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Being Comfortable with Ambiguity

by Sarah Thrift on November 20, 2013

Keeping Open to Possibilities

Developing good strategy is a tricky thing to do.

It means asking expansive, open-ended questions. It means being creative and, at least at the outset, not limiting possibilities. It also means hitting times of ambiguity, of confusion, times when you are not sure if you are down a blind alley and wasting time or if you are on the verge of an important breakthrough.

Michael Gelb, in his book “How to think like Leonardo Da Vinci”, talks of 7 types of intelligence which the great Leonardo had. One of these is “sfumato”, a willingness to embrace ambiguity, paradox and uncertainty.

“Sfumato” literally means “going up in smoke” in Italian and art critics use this term to describe a painting technique in which there are no clear outlines. Areas are blended into one another through tiny brushstrokes, making for a hazy effect – Da Vinci’s Mona Lisa exhibits the technique. As Michael Gelb puts it, “keeping your mind open in the face of uncertainty is the single most powerful secret of unleashing your creative potential.”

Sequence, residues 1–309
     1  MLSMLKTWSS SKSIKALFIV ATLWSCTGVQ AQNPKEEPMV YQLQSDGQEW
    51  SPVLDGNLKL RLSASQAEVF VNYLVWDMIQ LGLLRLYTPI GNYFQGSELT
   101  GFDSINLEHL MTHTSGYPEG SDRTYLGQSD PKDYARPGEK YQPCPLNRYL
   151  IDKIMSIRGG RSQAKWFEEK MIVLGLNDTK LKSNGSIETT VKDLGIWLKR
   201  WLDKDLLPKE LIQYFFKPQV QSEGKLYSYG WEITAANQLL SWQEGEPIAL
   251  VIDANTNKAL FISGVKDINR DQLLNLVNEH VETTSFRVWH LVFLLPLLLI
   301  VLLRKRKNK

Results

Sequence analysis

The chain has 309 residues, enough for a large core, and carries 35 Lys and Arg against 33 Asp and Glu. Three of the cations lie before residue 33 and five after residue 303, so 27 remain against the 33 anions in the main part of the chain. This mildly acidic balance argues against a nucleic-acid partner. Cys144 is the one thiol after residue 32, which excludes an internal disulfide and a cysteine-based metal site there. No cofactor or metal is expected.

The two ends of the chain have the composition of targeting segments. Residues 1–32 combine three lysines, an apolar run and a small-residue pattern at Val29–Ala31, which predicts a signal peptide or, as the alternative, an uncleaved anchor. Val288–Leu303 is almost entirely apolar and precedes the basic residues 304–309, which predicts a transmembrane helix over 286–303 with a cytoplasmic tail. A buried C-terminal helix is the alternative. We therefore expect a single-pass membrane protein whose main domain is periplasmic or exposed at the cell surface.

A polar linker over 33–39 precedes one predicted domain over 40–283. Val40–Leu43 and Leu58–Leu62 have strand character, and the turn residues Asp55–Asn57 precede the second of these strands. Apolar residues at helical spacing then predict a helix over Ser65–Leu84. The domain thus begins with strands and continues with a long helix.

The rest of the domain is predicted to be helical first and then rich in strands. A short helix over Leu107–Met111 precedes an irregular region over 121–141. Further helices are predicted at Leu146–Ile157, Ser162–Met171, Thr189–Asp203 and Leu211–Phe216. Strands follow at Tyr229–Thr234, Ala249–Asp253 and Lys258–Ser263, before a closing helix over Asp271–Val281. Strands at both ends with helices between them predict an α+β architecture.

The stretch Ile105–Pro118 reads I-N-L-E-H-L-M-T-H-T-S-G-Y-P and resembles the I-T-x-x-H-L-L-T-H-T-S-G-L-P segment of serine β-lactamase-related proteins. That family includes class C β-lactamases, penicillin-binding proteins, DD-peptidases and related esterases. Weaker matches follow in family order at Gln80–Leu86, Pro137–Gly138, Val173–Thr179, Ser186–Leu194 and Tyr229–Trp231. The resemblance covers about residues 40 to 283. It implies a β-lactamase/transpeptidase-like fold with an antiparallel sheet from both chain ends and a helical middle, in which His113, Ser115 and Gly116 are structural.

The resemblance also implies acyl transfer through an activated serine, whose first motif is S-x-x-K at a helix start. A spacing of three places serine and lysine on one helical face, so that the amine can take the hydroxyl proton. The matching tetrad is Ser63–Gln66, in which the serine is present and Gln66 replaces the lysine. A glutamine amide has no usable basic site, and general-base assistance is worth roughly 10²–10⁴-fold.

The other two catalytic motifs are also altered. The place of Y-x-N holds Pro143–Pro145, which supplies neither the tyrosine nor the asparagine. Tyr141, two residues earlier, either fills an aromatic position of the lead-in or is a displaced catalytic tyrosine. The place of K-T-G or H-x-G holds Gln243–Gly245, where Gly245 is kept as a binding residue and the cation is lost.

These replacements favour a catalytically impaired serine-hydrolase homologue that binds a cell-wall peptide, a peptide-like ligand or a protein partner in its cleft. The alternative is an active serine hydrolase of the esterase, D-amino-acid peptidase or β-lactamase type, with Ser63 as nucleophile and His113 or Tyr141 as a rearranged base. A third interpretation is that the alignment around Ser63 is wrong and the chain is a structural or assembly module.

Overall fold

Essentially, our human mind doesn’t gel with uncertainty. Our mind wants to connect and categorize information. Our mind wants to make patterns with information, as soon as it gets it – join the first few dots into a shape immediately, rather than wait and see what other dots may yet emerge, and what other shapes they may suggest.

This means that to develop strategy, we need to work against the natural inclination of the mind. If we close, if we rush to narrow down options in pursuit of getting something, we miss out on the richness of possibilities.

We need to stay open and become comfortable with uncertainty. It is from this uncertainty that real insights and possibilities – the very foundation of strategic options – can emerge.



Cecilia September 30, 2013

It is interesting to think of uncertainty as possibility rather than as muddiness.

Richard December 13, 2013

You make a very good point here Sarah. But the question is: how long do we embrace uncertainty? If we consider things for too long, surely we dither and don’t make decisions? Am interested to hear your thoughts.

Sarah Thrift December 22, 2013

Yes, very much so. It creates opening and as you say possibility, rather than fear and retreating. It takes practice but is definitely a habit worth persisting with.

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